My 7 Dinners With Andrei #2: Andrei Rublev

andrei
Making a film where the titular character has your first name ❤ (Also, I watched the shorter cut.)

Andrei Rublev spends its first two chapters quietly obliterating characters who dare to have any livelihood, with a man who tries to fly away in a balloon crashing into the ground after a brief, dizzying flight that can cause genuine vertigo to a viewer providing us the way in. When the monks arrive at a cabin in the rain, we see a jester provide a routine that practically allows him to take flight in his own way, leaping and banging his instrument against everything in sight before soldiers arrive and take away the one thing that brings him joy. The dreams of Andrei’s friends are the next to go as he finally becomes a character in his own story, with the jealous Cyril and conflicted Daniil taking out their emotions in ways that cannot be taken back even as they continue trying to grasp at the fire of creation. Jesus’ crucifixion is graphically matched with a dead swan as the belief that man did it out of love for the god they worshiped is intoned. Naked pagans dance and present temptation for someone who has otherwise been nothing but the saintliest figure of creativity, but the sun rises and they must swim across a freezing cold lake with no clothes to survive.

At this point, we are done with half the chapters and the film has not quite reached the halfway point yet in this version of the cut. Feeling on edge? So is the legend, as he admits that he does not want to terrify people into submission with the powers of his work and we promptly get just that, a demon’s contrivance, cutting out the eyes of men who make their entire life’s worth of this particular talent for daring to dream big. A city is raided by those same men, now employing Rublev’s talents, and nothing is done on the part of the artist except a vow of silence and a refusal to do anything. Eventually, something as simple and beautiful as Ivan’s Childhood, all grown up, returns to help break him out of his rut, with the construction of a bell and one of the most beautiful long takes I have ever seen leading to inspiration. All this pain will be swept up in the flow of the river. Art in its many glorious colors will be what endures long after the centuries have flown by.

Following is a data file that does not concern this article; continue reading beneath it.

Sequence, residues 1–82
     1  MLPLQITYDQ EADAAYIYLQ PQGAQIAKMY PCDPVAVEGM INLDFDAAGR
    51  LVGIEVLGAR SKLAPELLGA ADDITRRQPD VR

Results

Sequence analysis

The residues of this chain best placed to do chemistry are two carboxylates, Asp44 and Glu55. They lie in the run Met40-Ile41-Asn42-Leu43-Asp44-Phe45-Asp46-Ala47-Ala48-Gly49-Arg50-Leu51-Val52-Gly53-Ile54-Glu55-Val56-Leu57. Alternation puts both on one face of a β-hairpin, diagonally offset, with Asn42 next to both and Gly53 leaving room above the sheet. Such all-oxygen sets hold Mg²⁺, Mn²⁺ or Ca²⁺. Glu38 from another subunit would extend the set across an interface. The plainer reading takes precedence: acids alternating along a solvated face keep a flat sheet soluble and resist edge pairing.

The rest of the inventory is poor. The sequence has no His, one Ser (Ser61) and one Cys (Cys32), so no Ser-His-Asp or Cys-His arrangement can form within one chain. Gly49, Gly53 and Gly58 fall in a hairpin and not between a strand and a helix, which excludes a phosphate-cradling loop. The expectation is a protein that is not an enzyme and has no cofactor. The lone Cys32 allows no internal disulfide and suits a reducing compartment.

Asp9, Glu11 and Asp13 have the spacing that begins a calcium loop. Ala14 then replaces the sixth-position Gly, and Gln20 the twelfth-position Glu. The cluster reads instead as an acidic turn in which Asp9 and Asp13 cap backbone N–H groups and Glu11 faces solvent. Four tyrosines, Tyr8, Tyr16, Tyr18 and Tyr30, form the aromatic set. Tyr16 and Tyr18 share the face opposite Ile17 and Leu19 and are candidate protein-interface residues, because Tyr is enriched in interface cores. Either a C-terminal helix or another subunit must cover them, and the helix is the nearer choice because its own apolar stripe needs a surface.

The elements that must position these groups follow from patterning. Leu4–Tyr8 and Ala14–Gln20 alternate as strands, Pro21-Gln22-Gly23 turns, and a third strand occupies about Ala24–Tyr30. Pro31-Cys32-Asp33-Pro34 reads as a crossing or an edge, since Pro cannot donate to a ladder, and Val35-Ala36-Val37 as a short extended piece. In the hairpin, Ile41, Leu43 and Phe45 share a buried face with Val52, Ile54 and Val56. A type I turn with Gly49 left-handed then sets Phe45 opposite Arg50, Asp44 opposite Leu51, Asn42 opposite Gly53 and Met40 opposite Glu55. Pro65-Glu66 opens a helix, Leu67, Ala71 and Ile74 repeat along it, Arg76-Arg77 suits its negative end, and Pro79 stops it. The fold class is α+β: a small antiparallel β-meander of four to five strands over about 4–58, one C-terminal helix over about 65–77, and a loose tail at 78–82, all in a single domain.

Advertisements

Leave a Reply

Fill in your details below or click an icon to log in:

WordPress.com Logo

You are commenting using your WordPress.com account. Log Out / Change )

Twitter picture

You are commenting using your Twitter account. Log Out / Change )

Facebook photo

You are commenting using your Facebook account. Log Out / Change )

Google+ photo

You are commenting using your Google+ account. Log Out / Change )

Connecting to %s